A final point that only reinforces the idea that Machiavelli’s The Prince is a primer to achieve political stability lies within its historical context. There is some relevance in the times and conditions in which Machiavelli wrote the work. Readily apparent is the dedication to the then ruler of Florence, Lorenzo de Medici, which introduces The Prince. The dedication was intended to win the favour of the ruler so that Machiavelli could re-enter the political world after a forced absence. As much as the work was intended to persuade the favour of the ruler, it was written under the intent of being studied and having its suggestions considered.
In addition, Italy in the 15th century was a region in political turmoil. There were numerous historical family powers vying to keep and expand their reigns, as well as widespread corruption and diplomacy and alliances with other powers such as France and Spain. All this political activity and unrest created an extremely unstable climate. It was within this context that Machiavelli wrote his work. As well as references to some historically significant leaders such as Alexander the Great, Machiavelli includes numerous references to the domestic political landscape of the times. More often than not, he uses these references in his arguments in how to rule. While his arguments clearly extend beyond the context of the time and provide an essential aspect of political thought, it is important to remember their original basis.
Machiavelli broke the mould set in classical political thought. His perception of ethics and politics are starkly different than of those before him. So much so that many – to this day – perceive him as preaching evil and immoral activities in the pursuit of political power. This is not so. Machiavelli’s set of ethics are varied and not absolute. He does not set a higher moral standard that is impossible and too idealistic to strive for. Machiavelli writes in a politically unstable climate, and views the world as one that requires a set of real and practical values that a state can achieve. His primary goal in that pursuit, and the underlying goal of politics, is the stability of the ruler and the state. To achieve this, it is not possible to rely closely on set ethical standard. Central then, to this is Machiavelli’s idea of virtue.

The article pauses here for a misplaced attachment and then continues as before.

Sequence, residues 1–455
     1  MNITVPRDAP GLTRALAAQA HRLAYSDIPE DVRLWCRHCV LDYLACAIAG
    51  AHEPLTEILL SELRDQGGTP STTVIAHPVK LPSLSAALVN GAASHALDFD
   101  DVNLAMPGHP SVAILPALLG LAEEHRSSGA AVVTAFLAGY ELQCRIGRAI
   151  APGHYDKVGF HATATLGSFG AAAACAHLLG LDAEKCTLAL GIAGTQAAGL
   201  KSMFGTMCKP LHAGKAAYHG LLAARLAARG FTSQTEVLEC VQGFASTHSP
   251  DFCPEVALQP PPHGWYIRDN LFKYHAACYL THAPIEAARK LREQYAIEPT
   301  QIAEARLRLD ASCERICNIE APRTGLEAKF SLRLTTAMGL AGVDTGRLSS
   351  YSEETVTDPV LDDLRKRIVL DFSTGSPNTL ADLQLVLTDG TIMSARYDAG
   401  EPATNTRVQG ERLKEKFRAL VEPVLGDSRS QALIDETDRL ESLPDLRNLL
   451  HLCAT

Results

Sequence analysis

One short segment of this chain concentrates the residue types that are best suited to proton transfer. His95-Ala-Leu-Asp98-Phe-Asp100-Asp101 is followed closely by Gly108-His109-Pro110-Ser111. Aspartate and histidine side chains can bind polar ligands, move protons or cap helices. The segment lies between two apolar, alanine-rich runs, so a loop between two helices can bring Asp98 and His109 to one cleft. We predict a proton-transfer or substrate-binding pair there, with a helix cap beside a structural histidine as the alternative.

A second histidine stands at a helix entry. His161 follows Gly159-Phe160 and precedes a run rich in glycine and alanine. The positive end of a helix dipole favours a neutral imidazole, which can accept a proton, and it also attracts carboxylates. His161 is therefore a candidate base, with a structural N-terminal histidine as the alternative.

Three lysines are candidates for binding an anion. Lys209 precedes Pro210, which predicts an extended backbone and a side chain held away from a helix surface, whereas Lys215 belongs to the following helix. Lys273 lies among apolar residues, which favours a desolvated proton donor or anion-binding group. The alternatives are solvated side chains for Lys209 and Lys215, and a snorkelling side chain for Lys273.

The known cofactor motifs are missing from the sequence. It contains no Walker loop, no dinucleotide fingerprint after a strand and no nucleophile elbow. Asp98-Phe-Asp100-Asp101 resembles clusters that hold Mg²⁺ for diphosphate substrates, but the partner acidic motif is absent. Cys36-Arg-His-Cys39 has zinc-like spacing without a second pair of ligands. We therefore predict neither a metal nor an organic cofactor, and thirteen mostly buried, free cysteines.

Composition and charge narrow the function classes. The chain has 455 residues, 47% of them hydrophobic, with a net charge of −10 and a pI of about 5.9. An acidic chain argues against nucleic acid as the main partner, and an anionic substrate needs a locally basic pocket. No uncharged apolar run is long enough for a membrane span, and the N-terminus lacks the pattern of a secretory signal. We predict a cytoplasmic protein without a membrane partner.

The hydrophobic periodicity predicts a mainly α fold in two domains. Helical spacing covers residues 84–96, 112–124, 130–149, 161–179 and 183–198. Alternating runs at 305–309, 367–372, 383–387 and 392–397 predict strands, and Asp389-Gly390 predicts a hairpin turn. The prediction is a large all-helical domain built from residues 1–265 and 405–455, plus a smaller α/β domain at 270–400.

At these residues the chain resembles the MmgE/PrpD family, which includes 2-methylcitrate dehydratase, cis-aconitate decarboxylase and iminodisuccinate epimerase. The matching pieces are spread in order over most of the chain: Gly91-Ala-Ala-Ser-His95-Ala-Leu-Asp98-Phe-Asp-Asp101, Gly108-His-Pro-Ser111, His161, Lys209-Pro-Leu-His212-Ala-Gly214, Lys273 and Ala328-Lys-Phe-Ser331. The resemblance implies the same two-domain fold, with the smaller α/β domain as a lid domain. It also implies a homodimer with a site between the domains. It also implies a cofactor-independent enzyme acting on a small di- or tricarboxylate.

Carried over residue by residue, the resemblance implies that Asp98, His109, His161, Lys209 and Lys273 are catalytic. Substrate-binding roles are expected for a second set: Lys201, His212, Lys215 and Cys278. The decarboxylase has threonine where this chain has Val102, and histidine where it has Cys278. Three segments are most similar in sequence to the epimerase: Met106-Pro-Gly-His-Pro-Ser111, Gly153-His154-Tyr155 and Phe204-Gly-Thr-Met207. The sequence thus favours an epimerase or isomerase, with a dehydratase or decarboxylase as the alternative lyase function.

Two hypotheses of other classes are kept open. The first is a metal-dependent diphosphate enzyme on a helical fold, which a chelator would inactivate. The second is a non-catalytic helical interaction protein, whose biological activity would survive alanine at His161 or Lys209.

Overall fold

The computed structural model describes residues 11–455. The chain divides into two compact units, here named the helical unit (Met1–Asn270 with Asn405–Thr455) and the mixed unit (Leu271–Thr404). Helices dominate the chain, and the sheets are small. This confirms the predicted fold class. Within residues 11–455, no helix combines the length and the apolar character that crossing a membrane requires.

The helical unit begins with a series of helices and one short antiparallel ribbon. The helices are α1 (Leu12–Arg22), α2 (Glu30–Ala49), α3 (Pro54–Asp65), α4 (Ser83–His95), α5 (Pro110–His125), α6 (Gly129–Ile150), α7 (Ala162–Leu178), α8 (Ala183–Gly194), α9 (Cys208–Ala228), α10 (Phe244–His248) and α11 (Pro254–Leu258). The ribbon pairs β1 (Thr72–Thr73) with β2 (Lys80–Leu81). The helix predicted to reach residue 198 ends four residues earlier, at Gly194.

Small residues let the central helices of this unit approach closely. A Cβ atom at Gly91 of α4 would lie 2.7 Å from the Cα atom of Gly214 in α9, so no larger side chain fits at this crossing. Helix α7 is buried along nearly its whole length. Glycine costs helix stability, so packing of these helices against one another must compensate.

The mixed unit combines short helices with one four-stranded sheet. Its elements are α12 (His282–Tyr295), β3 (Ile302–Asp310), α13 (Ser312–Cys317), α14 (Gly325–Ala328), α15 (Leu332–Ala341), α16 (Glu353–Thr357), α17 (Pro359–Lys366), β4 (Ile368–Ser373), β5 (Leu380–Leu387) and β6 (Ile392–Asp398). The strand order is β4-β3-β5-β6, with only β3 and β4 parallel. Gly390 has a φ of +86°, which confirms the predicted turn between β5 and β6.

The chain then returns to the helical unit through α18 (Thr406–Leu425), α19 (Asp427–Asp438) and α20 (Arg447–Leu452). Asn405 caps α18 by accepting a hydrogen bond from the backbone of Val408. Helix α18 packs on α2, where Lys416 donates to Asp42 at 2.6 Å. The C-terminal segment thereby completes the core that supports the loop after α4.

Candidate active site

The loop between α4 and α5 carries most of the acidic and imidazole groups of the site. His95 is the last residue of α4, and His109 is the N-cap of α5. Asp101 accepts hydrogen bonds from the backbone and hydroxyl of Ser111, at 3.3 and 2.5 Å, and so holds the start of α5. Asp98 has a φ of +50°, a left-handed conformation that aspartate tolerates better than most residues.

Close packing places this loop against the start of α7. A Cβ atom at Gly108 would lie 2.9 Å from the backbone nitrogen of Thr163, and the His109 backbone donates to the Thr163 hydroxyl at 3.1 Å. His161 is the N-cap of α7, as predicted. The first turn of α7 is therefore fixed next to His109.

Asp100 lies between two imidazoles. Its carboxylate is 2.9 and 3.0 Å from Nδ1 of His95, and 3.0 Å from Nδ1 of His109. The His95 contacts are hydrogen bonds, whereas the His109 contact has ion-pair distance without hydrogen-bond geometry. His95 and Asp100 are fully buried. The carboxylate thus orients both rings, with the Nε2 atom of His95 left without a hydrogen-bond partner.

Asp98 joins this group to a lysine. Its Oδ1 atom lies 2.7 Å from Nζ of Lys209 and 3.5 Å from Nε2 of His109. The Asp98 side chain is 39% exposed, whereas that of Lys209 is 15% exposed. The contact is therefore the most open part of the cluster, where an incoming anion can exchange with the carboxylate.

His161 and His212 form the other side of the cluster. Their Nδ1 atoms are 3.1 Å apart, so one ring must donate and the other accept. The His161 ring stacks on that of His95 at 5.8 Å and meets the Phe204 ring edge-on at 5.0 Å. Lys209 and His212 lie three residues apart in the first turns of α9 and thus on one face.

Virtue is anything that promotes the stability of the state. In a sense, this is the only absolute ethical consideration Machiavelli has, and as such, it replaces the classical ethical standards that he readily discards. Machiavelli is not necessarily immoral. In fact, he too has limits on punishment and how and when it should be used. He never encourages power and punishment to be used for personal ends, only for his greater good. Always of utmost importance is the state’s stability, and Machiavelli sees that as full justification for any actions required to achieve that end. Instead of working with ethics and then proceeding to apply it to how the world should work, Machiavelli examines how the world does work, and how to achieve the best in it.
Machiavelli, Niccolï¿½. The Prince. New York: Penguin Books, 2003.